The future can be a scary place for many people. For others it can be a place of excitement and opportunity. But most of the time it is a mixture of both and that is what helps to keep us moving as human beings – a healthy amount of anxiety and excitement. Although the future can be a scary place, it only ever exists in our heads in the present moment, which is usually not a scary place. Further, our obsessions/fears about the future usually do not come true. Sometimes they do, and when we live our life out of fear, we can often bring about the very things we are afraid of. Part of this is because we are putting our attention somewhere so constantly that we will find the thing we are afraid of. So stop searching for it. The other part of this is that when we live in fear about the future, we are not living from who we are in confidence, which tends to lead us away from ourselves instead of more in the direction we want to be going.
The unseen. The unknown. The mystery. The awe. As much as I am saying it is important to know how to explore the unseen, we also need to be more okay with mystery and the unseen aspects of life. Balance.
The spiritual/existential dimension is another area that often plagues clients/us without knowing it. Some realize they are up against a spiritual crisis or spiritual questions, but many do not realize that what they are ultimately dealing with is a bigger issue of what it means to be human – of what it means to be them as a human being.
I tend to use the two terms spiritual and existential interchangeably. They are different terms to some degree, but I am using them as being similar in that the larger questions of human existence lead one to spiritual/religious answers. Spirituality or existential contentment does not have to come from an organized religious belief system. For some, this is what they have found to make the most sense for them and to quell their anxiety, while others rest in other forms of a deeper connection to something outside of themselves. Either way, much of this is going on unseen, whether that is internally or externally.
These unseen areas are easy for us to ignore but they creep around the corner or bubble up from underneath our psyche if we continue to pretend they are questions and realities not worth our attention. If someone is dealing with intense anxiety, or even depression, they are in many ways dealing with what it means to be them (i.e. their pain, their passions, their personality) within the context of the larger world. While one of those states can often be based in the fear of death (anxiety) the other can often lead people to the choice of death (depression/suicide). That’s pretty profound if you ask me. These are not just results of negative or irrational thinking. Irrational thinking can be a part, but it does not help us see the greater context within which that human being is living – human existence on earth – and just thinking more positively will only bypass the issue.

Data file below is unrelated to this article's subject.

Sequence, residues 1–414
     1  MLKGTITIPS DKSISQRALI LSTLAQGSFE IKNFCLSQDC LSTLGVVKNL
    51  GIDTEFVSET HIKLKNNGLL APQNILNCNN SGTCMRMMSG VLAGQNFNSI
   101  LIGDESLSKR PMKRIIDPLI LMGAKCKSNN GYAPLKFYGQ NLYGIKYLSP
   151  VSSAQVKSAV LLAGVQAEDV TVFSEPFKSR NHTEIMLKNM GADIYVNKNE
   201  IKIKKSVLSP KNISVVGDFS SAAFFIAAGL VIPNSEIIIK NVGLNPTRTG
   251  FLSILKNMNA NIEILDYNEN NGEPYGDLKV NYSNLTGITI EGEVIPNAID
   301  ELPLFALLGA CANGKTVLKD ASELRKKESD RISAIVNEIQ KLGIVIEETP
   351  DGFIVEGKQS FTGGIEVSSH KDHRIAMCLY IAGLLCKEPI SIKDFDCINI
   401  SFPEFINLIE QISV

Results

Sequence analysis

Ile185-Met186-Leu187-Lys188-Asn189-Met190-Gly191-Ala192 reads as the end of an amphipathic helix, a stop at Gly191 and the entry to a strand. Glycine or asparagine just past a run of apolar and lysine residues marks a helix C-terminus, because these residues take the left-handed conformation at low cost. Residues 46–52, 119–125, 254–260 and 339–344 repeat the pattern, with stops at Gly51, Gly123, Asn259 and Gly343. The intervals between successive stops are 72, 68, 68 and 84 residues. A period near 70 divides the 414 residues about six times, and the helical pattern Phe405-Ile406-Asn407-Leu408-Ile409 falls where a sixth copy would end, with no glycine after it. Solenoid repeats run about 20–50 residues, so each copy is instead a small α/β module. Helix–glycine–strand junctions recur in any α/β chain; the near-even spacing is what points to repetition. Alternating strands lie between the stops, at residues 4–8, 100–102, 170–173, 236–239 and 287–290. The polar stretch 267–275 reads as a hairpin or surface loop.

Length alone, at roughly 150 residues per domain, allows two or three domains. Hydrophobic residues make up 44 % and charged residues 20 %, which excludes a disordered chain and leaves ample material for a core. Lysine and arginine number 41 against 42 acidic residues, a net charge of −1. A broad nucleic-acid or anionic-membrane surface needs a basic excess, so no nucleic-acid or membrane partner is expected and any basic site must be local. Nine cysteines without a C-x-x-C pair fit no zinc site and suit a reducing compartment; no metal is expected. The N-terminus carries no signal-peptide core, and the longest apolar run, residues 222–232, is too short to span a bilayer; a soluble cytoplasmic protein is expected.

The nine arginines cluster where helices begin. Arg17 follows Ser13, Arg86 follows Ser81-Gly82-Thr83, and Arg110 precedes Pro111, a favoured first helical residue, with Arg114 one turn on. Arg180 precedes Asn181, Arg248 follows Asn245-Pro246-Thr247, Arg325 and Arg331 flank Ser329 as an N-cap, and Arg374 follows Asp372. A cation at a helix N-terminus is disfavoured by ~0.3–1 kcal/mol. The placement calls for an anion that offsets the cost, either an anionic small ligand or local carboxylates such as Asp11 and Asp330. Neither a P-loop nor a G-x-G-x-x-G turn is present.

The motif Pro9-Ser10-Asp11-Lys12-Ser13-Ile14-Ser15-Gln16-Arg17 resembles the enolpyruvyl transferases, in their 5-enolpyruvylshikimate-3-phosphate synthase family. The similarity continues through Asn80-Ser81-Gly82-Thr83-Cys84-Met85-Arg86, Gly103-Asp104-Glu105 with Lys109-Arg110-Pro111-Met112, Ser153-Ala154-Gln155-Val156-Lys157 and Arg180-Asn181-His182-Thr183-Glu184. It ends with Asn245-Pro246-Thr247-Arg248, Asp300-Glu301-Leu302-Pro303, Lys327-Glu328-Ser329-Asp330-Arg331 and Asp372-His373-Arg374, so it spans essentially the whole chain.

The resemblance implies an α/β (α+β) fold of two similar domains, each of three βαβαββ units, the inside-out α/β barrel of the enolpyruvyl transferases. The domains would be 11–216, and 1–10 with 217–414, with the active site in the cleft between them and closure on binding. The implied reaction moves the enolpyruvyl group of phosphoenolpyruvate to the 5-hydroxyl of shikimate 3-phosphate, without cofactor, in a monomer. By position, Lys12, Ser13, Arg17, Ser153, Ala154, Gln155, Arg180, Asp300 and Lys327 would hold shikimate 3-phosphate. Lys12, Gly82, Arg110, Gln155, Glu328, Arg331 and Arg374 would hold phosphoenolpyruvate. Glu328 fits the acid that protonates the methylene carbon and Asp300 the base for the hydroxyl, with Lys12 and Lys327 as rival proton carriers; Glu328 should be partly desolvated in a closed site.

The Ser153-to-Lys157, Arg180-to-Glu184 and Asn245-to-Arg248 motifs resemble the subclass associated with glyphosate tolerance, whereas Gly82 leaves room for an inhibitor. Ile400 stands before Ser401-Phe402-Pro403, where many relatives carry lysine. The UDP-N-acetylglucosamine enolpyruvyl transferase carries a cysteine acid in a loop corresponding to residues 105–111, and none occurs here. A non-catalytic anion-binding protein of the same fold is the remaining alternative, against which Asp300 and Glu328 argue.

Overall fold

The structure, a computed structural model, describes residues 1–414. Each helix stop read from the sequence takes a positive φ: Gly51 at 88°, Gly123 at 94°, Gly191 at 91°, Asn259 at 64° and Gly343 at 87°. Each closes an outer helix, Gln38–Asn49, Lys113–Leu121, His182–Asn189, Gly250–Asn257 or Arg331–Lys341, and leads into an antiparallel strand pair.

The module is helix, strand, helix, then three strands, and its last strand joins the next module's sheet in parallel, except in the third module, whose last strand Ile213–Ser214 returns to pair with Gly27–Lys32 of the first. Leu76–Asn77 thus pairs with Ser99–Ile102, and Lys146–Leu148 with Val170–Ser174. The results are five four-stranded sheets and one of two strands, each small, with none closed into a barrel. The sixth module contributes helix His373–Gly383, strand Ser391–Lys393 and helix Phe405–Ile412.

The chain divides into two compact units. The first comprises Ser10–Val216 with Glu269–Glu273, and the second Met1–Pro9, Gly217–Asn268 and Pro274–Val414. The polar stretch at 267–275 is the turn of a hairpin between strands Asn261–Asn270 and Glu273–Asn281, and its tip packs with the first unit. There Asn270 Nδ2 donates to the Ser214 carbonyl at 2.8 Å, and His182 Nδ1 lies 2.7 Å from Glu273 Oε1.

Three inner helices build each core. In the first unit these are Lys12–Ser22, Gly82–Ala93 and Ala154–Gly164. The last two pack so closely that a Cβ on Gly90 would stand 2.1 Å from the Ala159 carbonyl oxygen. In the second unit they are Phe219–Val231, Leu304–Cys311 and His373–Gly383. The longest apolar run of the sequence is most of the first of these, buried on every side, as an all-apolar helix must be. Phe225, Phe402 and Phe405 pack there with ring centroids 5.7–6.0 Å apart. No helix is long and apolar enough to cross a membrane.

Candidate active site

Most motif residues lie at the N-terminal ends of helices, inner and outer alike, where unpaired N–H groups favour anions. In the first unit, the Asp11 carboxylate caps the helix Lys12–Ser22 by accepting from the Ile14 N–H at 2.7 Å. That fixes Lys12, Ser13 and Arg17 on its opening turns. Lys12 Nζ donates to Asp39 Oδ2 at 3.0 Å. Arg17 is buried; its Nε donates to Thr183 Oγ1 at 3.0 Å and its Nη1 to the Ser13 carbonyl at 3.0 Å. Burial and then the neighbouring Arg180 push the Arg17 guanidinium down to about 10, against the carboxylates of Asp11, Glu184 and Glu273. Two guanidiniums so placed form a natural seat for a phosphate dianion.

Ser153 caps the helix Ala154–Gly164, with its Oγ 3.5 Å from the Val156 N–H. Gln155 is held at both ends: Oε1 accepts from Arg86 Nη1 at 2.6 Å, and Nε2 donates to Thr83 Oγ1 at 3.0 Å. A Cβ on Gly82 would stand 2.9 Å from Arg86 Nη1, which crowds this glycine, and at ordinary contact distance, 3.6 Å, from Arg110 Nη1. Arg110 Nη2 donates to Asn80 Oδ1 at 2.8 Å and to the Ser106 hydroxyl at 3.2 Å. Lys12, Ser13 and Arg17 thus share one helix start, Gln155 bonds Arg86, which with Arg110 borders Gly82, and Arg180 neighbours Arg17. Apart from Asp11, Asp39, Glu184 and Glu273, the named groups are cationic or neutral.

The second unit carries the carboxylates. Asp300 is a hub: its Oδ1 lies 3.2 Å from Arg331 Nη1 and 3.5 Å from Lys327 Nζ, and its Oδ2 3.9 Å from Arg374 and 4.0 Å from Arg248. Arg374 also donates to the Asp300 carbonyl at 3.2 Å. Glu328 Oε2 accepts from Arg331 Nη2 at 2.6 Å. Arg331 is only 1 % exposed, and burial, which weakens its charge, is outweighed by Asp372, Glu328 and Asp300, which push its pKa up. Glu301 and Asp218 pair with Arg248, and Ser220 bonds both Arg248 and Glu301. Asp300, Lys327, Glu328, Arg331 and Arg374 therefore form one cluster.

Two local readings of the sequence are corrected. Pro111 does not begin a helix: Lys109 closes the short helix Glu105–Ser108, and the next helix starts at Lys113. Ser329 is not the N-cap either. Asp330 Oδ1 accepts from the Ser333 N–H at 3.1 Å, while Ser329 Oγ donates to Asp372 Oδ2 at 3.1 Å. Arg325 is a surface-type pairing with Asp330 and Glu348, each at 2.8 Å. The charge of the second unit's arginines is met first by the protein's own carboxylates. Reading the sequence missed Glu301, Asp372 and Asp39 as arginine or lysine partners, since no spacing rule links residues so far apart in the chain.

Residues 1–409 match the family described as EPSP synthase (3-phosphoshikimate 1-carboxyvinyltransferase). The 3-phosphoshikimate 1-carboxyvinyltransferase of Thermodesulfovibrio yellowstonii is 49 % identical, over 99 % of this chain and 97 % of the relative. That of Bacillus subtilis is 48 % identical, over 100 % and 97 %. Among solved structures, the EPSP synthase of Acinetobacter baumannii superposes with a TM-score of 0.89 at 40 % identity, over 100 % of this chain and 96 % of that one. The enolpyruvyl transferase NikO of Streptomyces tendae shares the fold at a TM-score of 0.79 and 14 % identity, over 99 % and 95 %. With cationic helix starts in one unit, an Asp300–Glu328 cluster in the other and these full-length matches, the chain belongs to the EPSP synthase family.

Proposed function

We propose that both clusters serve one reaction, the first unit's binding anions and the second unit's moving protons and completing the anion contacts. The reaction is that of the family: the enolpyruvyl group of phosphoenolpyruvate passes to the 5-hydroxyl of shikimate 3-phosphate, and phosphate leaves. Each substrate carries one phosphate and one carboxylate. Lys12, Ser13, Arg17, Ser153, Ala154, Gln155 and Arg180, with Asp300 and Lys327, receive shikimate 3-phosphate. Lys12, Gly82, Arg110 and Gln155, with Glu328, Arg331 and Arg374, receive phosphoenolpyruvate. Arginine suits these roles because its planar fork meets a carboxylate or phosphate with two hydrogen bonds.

I know a therapist who, when clients have discovered a ton of psychological insight yet still remain stuck, asks the question, “what about this isn’t a spiritual issue?” I think this can actually be quite a profound question for people. Sometimes we think we can answer everything with science or psychology, but sometimes we must enter another dimension of the unseen. Again, spirituality here does not need to mean organized religion, but should reflect the greater philosophical exploration of what it means to be human. This is why I find the blending of psychology and philosophy to be so necessary since the question is not just what does it mean to be human but what does it mean to be ME as a HUMAN.
I think it’s really important to work through much of one’s internal psychological pain before working on spiritual and existential questions. This is because the latter exploration can be quite muddied by old wounds ignored. There is a term, “spiritual bypassing”, that was coined by John Welwood in regards to the process of covering over psychological wounds with spirituality, which tends to ignore a whole internal reality.
Lastly, working through our internal wounds, the tension of the future, and our sense of personal human context, can often be very rewarding endeavors to move us out of stuckness and living with more freedom.